After the internship program had been running for a while, Mathes realized she was still sitting on a ton of unused data. The Blue and Fin whale research was buzzing along, but she had photos, along with weather, time, and position data, for all the other cetaceans observed as well: humpback whales, sperm whales, grey whales, minke whales, sei whales, Risso's dolphins, Pacific white-sided dolphins, orcas, bottlenose dolphins, Dall's porpoises, and others. Luckily, researchers from San Diego State University and from NOAA were interested in some of the bottlenose dolphin data. The interns were already collecting the data itself every day, but they were already busy enough with the blue whale photo-ID matching tasks. To photo-identify the dolphins, Mathes decided to turn to citizen scientists.
Identifying bottlenose dolphins is a bit easier than blue whales, and requires a bit less training. It's the perfect recipe for a citizen science program. Even still, this kind of project is considerably different than many others, because the barrier to entry is quite a bit higher.
Participating in, say, the Natural History Museum's Squirrel Survey is quite easy by comparison: all people have to do is snap a photo with their smartphones and upload it to the iNaturalist app, or share it on social media using the hashtag #NatureinLA. To participate in the aquarium's dolphin program, on the other hand, requires a commitment of four hours a week for at least three months. That's in part because Mathes and her colleagues devote quite a bit of time to training their citizen scientists, effort that would be wasted if folks only gave them a couple hours of work here and there. And it's work that has to be completed at the aquarium itself. (The interns, by comparison, commit to 20 hours each week for a minimum of four months.)
Some folks, of course, are more than eager to spend that kind of time helping scientists understand the natural world. One citizen scientist, Maggie Snelgrove, began as an intern in 2014 after graduating from Smith College, and was so excited by the work that she decided to continue on as a citizen scientist. She's now been working on photo-identifying whales and dolphins for more than a year and a half, making a considerable contributing to scientific knowledge generation in the process.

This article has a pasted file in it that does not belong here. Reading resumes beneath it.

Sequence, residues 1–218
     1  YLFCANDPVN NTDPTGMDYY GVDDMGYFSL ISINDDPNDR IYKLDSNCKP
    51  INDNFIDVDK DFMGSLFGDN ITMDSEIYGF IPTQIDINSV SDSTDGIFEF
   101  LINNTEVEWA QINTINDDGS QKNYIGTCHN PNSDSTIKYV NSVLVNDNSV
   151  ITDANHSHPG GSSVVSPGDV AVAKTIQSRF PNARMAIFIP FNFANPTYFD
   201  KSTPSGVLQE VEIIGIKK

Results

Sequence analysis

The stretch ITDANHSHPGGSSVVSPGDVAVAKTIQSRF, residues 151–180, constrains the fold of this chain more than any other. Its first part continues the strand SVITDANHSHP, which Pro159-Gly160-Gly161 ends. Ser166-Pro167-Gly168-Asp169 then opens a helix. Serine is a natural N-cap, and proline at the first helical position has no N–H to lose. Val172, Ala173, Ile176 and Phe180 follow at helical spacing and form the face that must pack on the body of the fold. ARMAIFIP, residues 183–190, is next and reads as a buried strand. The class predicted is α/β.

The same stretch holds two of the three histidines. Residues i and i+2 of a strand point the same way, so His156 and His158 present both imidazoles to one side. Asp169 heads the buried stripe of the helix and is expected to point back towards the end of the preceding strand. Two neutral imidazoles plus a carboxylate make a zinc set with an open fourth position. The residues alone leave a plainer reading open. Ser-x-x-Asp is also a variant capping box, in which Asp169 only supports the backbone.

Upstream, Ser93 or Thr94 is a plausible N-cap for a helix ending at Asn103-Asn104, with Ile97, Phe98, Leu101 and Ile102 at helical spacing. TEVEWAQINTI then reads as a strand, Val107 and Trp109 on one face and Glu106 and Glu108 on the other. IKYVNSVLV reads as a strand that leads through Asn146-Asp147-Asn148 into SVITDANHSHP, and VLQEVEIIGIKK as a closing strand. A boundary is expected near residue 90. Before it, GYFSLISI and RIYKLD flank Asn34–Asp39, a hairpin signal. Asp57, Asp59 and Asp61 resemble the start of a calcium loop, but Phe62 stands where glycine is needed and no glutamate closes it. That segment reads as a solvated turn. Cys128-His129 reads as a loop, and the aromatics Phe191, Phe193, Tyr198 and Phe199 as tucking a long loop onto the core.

Indeed, the data collected and analyzed by these volunteers provides a wealth of critical information for cetacean conservation. One of the issues that Cascadia researchers are currently interested in is whale mortality due to ship strikes. If a shipping vessel moves too fast, a whale might not have enough time to avoid getting hit. Once hit, virtually all become the nautical version of roadkill. And with two of the country's busiest ports side-by-side, the waters off of Southern California aren't particularly safe for these imperiled ocean giants. Fin whales are classified as endangered, as is the blue whale.
Since ocean traffic isn't likely to decrease in any time soon, wildlife biologists and conservation managers instead have to work with shipping companies to figure out how to decrease the risk to wildlife. And that requires understanding where, when, and why marine mammals spend time in the middle of busy shipping lanes. While the observations conducted on a whale watching cruise are opportunistic – the boat isn't cruising along routine, pre-planned transects, instead explicitly seeking out the creatures to delight paying visitors – they still offer more than 2000 observation hours each year, and many hundreds to thousands of photos, depending on the species.
Plus the interns and citizen scientists get the added bonus of studying some of the most charismatic critters we've got. "These are my favorite parts of the week," says Jimenez.
For ongoing environmental coverage in March 2017 and afterward, please visit our show Earth Focus, or browse Redefine for historic material.
KCET's award-winning environment news project Redefine ran from July 2012 through February 2017.